The internet undoubtedly made the world a global village, but before its advent, the airline industry made countries across the neighboring continent towns.

Since the invention of Lockheed Jetstar, the first official private jet in 1950, and later the popular Learjet 23 in 1963 by Bill Lear, the private jet market has undergone tremendous transformation.

Even though we have different types of private jets today, there have been reports of companies making all-electric and supersonic jets.

Before these great technologies are introduced for commercial usage, let us talk about the ones already present and their significant impacts.

Wearable technologies

Wearable technologies have become an easy addition to our lives, thanks to the ease of connectivity. They come in different forms: smartwatches, fitness trackers, and VR headsets, among others.

Experts in the aviation industry have been brainstorming on how this technology can benefit aircraft.

  • Google Glass

The Google Glass is one of the 100 futuristic ideas compiled by Google’s founder and executives. It was introduced to the market in April 2012 but would later be criticized for its flaws and eventually withdrawn.

Meanwhile, there have been indications that the project is in no way dead. Interested developers are licensed the technology under the Glass at Work program.

On the 5th of March, 2014, a flight training school in Spain used Google Glass to communicate pre-flight checklists, procedures, navigation maps, and other important information to trainee pilots.

In its report, the school noted that using new technology like this could reduce training costs by as much as 2 million euros.

The usage of Google Glass on private jets can improve maintenance. Flight instructions and updates can be communicated to pilots without them needing to get their hands off controls.

Pilots can also live stream important visuals to remote experts.

  • Microsoft HoloLens

The Microsoft HoloLens, known by developers as Project Baraboo, was introduced into the market on March 30, 2016. This headset with transparent glasses takes the hologram technology a mile further.

It can display information in 3D while blending your visuals with real-world simulation.

Engine mechanics usually have to read many textbooks and watch training tutorials. Using technologies like HoloLens, they can virtually view and work on engines without needing a physical jet or book for practice.

Its adoption can hasten the progress of the private jet industry as regards production.

An aerospace products manufacturer, Airbus, in 2019 announced it would be doubling its production while halving the typical production time. Before the consideration of the usage of Microsoft HoloLens, the company produced 10,000 aircraft in 40 years; now, it is aiming production of 20,000 aircraft in 20 years.

ADS-B Technology

The Automatic Dependent Surveillance-Broadcast (ADS-B) is a technology approved by the Federal Aviation Administration (FAA).

It permits the exchange of signals among aircraft it is fitted on, which relegates the need for conventional radar.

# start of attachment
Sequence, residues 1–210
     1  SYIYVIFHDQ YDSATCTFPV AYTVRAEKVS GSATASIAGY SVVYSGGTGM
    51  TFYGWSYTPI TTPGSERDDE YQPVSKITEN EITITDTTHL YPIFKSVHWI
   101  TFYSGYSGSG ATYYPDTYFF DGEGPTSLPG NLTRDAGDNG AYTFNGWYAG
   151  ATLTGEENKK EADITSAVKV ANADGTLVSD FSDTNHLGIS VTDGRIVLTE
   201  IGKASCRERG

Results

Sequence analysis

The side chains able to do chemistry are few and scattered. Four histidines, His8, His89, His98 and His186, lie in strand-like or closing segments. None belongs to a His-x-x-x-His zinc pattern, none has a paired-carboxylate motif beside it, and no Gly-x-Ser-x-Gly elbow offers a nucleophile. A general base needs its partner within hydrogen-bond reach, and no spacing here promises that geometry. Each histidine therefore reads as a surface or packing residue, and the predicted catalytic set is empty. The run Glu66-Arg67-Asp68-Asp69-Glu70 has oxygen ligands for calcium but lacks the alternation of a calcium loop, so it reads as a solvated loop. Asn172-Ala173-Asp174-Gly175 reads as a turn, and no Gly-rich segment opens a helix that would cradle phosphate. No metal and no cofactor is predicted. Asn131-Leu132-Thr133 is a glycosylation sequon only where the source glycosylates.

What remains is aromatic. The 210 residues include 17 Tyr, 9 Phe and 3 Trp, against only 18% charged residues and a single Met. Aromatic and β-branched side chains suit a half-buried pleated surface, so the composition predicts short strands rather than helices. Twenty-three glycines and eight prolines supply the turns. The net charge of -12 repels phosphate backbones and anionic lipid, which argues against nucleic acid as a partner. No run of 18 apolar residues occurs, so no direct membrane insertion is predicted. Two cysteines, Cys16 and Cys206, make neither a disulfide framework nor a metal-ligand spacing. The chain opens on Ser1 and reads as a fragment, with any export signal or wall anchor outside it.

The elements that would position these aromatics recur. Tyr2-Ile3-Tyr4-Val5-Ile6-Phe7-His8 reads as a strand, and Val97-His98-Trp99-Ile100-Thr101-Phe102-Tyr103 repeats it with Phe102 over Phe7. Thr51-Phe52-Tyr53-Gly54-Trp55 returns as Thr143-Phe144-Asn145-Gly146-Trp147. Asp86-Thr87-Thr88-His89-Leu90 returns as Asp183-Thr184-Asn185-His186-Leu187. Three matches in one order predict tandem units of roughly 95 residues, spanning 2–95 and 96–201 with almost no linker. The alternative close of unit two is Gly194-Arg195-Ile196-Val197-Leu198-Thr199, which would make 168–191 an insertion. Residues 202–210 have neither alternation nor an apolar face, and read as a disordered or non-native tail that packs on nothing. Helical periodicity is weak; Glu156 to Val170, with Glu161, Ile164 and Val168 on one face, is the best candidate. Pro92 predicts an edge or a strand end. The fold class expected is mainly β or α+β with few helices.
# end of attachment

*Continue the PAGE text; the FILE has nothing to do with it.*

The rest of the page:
Data from ADS-B technology is more reliable and costs less to operate compared to typical radar.

Computed information from the device is shared automatically with other pilots and air traffic control towers on the system. The technology enables private jet pilots to detect the precise location of other aircraft.

Internet of Things (IoT)

The Internet of Things (IoT) is a network of physical objects referred to as things. These things work in unison through embedded sensors, software, and other technological enhancement for optimal deliverability.

It is also worth noting that experts in the aviation industry have different names for IoT, including Internet of Aviation (IoA), Internet of Aircraft Things (IOAT), and Aerospace internet.

Data generated in-flight by sensors embedded in private jet engines is used in optimizing fuel consumption and engine noise reduction.

The information keeps track of engine performance and identifies when it needs replacement or servicing.

5G Technology

Before the telecoms company deployed the 5G technology, the FAA had warned airlines of possible hazardous interference.

Therefore, when AT&T and Verizon announced the broad deployment of the technology, many US airlines warned of its impact on airline traffic.

These precautions and warnings were not because the 5G technology is bad for the industry. Instead, it is due to the need to adjust the already available technologies to be compatible with the latest broadband cellular networks.

This technology is a game changer for the industry.

According to SITA, an IT provider for the air transport industry, 5G will allow massive connections on an IoT network, unlike 4G, which supports about 10,000 devices per square kilometer.

Windowless Planes

Some private jets are designed without windows, and the interior is lined with screens instead of allowing an open view.

The screens display the outside view images captured using fiber-optic cameras. Some are capable of projecting a 360-degree real-time view with controls that permits multiple displays.

If the fuselage used in replacing the windows were lighter, it could reduce the overall private jet weight and consequently improve fuel efficiency.



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